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April 05, 2005

Durable Mars Rovers Sent Into Third Overtime Period

Opportunity view near Volstok Crater
Opportunity used its navigation camera to take the images combined into this 360-degree view on the 399th martian day, or sol, of its surface mission (March 8, 2005).
NASA has approved up to 18 more months of operations for Spirit and Opportunity, the twin Mars rovers that have already surprised engineers and scientists by continuing active exploration for more than 14 months.

"The rovers have proven their value with major discoveries about ancient watery
environments on Mars that might have harbored life," said Dr. Ghassem Asrar,
deputy associate administrator for NASA's Science Mission Directorate. "We are
extending their mission through September 2006 to take advantage of having such
capable resources still healthy and in excellent position to continue their

The rovers have already completed 11 months of extensions on top of their
successful three-month prime missions. "We now have to make long-term plans for
the vehicles because they may be around for quite a while," said Jim Erickson,
rover project manager at NASA's Jet Propulsion Laboratory, Pasadena, Calif.

Erickson cautioned though, "Either mission could end tomorrow with a random part
failure. With the rovers already performing well beyond their original design
lifetimes, having a part wear out and disable a rover is a distinct possibility
at any time. But right now, both rovers are in amazingly good shape. We're going
to work them hard to get as much benefit from them as we can, for as long as they
are capable of producing worthwhile science results."

"Spirit and Opportunity are approaching targets that a year ago seemed well out
of reach," said Doug McCuistion, director of NASA's Mars Exploration Program.
"Their successes strengthen NASA's commitment to a vision with the ambitious
targets of returning samples from Mars and sending human explorers to Mars."

Opportunity is within a few football fields' length of a region called "Etched
Terrain," where scientists hope to find rocks exposed by gentle wind erosion
rather than by disruptive cratering impacts, and rocks from a different time in
Mars' history than any examined so far.
"This is a journey into the unknown, to something completely new," said Dr. Steve
Squyres of Cornell University, Ithaca, N.Y., principal investigator for the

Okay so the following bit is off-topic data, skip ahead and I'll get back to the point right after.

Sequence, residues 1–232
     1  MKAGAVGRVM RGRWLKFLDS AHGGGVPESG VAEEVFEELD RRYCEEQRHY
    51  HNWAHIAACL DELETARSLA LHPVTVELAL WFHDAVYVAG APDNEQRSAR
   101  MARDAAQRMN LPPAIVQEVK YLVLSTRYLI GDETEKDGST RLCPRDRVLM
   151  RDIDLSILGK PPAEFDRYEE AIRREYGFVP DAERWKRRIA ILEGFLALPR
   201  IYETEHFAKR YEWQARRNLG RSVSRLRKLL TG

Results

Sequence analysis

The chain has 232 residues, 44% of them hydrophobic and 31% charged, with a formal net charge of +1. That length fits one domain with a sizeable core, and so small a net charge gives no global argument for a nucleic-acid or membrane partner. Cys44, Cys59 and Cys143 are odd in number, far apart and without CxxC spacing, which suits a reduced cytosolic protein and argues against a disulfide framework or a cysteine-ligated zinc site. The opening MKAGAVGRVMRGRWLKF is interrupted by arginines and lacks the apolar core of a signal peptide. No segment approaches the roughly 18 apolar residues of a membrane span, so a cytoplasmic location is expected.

rover's science instruments.

To reach the Etched Terrain, rover planners have been pushing the rover fast.
Opportunity has overtaken Spirit in total distance driven. It has rolled more
than three miles -- eight times the original goal. On March 20, Opportunity also
set a new martian record of 722 feet in a single day's drive. Drive-distance
estimates can vary by a few percent. The long drives take advantage of crossing a
plain so smooth it's "like an East Coast beach," said JPL's Jeff Favretto,
mission manager on the Opportunity shift in recent weeks. Also, Opportunity's
solar panels, though now dustier than Spirit's, still generate enough power to
allow driving for more than three hours on some days.

Spirit is in much rougher terrain than Opportunity, climbing a rocky slope toward
the top of "Husband Hill." However, with a boost in power from wind cleaning its
solar panels on March 9 and with its formerly balky right-front wheel now working
normally, Spirit made some longer one-day drives last week than it had for
months. "We've doubled our power," said JPL's Emily Eelkema, mission manager. "It
has given us extra hours of operations every day, so we can drive longer and
we've used more time for observations."

The jump in power output has taken some urgency out of Spirit's southward climb.
With Mars now beginning southern-hemisphere spring, the sun is farther south in
the sky each day. If not for panel-cleaning, Spirit might be facing the prospect
of becoming critically short of power if still on the north-facing slope by early

"We still want to get to the summit of Husband Hill and then head down into the
'Inner Basin' on the other side," Squyres said. "But now we have more flexibility
in how we carry out the plan. Before, it was climb or die." Cresting the hill is
now not as crucial for solar energy, but it still offers allures of potential
exposures of rock layers not yet examined, plus a vista of surrounding terrain.
In orbital images, the Inner Basin farther south appears to have terracing that
hints of layered rock.

Both rovers do have some signs of wear and exposure. Spirit's rock abrasion tool
shows indications that its grinding teeth might be worn away after exposing the
interiors of five times more rock targets than its design goal of three rocks.
Researchers probably won't know the extent of wear until Spirit's next rock-
grinding attempt, which may be weeks away. Also, troubleshooting continues for
determining whether Opportunity's miniature thermal emission spectrometer is
still usable despite tests indicating a problem last month. All other instruments
on both rovers are still working normally.

For more information about the rovers and their discoveries on the Internet,

Guy Webster (818) 354-6278
Jet Propulsion Laboratory, Pasadena, Calif.

Dolores Beasley (202) 358-1753
NASA Headquarters, Washington